4 ways to drive diversity in recruitment
Diversity, equity, and inclusion (DE&I) is one of the hottest topics in human resources today and perhaps one of the most complex. As many workplaces are finding, meeting DE&I goals isn’t easy, and progress is slow. In one study, only 43% of HR leaders said their hiring practices supported their diversity goals in 2021.1
That’s why, in tackling such a broad area as DE&I, now may be a good time to revisit the basics.
The goal of any DE&I initiative is to create a workplace that is inclusive for everyone, regardless of race, gender, sexual orientation, ethnicity, age, or other attributes, as well as personal characteristics like education, life experiences, and political views. One of the best ways employers can advance their DE&I goals is to be proactive about finding diverse candidates who will bring their unique experiences, perspectives, and ideas to the table.2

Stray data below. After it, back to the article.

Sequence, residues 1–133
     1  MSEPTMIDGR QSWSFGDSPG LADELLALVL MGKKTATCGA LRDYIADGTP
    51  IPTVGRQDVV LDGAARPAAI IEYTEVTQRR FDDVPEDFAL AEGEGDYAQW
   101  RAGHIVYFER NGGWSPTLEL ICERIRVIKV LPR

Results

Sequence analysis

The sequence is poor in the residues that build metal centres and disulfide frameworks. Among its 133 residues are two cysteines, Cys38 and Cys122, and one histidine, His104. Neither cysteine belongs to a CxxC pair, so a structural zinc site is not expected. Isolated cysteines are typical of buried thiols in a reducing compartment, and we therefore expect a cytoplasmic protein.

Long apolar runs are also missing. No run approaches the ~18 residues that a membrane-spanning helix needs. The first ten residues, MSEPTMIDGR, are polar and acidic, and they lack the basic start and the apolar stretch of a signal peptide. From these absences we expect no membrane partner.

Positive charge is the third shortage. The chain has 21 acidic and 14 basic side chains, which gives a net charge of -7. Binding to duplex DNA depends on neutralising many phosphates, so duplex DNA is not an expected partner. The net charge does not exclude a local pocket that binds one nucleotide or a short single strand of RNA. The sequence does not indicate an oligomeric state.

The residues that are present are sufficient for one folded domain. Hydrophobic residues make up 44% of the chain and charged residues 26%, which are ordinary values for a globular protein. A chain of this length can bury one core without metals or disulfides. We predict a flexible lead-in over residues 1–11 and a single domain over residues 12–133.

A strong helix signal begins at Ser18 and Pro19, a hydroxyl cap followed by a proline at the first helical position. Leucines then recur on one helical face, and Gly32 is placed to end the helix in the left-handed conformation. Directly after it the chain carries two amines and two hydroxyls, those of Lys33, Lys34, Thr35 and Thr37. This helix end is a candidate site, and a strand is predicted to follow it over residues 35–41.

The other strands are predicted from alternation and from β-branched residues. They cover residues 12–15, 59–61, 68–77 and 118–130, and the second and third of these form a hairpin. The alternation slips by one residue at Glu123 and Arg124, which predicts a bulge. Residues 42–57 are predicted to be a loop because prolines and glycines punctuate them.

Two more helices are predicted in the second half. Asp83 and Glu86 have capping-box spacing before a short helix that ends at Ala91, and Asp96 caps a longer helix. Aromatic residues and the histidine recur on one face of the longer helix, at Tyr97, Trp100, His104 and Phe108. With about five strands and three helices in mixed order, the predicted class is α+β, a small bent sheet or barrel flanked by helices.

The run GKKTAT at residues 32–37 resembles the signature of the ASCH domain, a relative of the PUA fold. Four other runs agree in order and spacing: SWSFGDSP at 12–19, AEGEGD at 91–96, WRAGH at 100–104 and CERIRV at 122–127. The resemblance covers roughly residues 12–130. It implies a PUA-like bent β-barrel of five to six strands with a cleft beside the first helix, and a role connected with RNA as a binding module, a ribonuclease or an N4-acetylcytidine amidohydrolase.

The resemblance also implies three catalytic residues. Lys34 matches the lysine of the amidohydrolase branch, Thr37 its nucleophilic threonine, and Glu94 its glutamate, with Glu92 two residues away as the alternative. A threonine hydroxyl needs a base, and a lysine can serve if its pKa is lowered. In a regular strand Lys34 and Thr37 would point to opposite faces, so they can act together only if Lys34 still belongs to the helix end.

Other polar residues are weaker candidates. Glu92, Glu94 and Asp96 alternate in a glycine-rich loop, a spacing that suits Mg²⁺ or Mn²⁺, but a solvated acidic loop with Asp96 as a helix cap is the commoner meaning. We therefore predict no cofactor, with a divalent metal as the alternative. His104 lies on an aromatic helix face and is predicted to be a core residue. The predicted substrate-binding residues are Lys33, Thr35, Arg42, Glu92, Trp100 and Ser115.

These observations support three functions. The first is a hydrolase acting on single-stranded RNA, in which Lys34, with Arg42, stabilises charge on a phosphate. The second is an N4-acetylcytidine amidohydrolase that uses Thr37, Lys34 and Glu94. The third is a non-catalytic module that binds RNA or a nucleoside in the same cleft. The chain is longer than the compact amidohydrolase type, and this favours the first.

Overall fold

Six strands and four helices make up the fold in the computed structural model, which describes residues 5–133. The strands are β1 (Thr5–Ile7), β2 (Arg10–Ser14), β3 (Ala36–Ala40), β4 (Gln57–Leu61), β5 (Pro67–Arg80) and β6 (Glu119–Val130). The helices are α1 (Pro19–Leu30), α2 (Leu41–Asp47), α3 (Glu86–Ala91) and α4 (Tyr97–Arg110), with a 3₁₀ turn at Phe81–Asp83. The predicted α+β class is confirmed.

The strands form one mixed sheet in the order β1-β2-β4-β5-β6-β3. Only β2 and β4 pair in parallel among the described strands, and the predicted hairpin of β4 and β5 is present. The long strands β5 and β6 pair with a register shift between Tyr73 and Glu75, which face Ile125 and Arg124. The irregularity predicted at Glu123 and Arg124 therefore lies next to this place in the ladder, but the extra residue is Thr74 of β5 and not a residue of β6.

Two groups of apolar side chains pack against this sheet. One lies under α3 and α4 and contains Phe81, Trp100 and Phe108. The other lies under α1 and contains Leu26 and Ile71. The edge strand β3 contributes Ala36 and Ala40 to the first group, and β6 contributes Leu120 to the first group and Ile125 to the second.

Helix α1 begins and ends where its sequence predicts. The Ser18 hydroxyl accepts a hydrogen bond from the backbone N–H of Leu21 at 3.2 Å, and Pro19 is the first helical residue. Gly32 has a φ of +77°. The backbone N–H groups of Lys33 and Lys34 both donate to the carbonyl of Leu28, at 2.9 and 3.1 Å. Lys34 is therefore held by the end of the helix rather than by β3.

What can get lost in the conversation is that diversity recruiting is still (or should be) merit-based recruitment. It aims to find the best possible candidates, but is structured to be free from bias and to give all applicants an equal opportunity.3 In other words, when casting the net, employers must ensure they’re not unintentionally leaving anyone out.
Whether you’re kick-starting or restarting your diversity recruiting strategy, here are four ways to help broaden the diversity of your candidate pools.
Use inclusive language in job postings
Hiring bias can show up in your job posting language, which may lead to qualified people giving your company a pass. Some common examples of biased language are terms like “recent graduate” (potentially ageist), “strong English-language skills,” (ethnic bias), and “must live locally,” (may imply a desired socioeconomic status).”4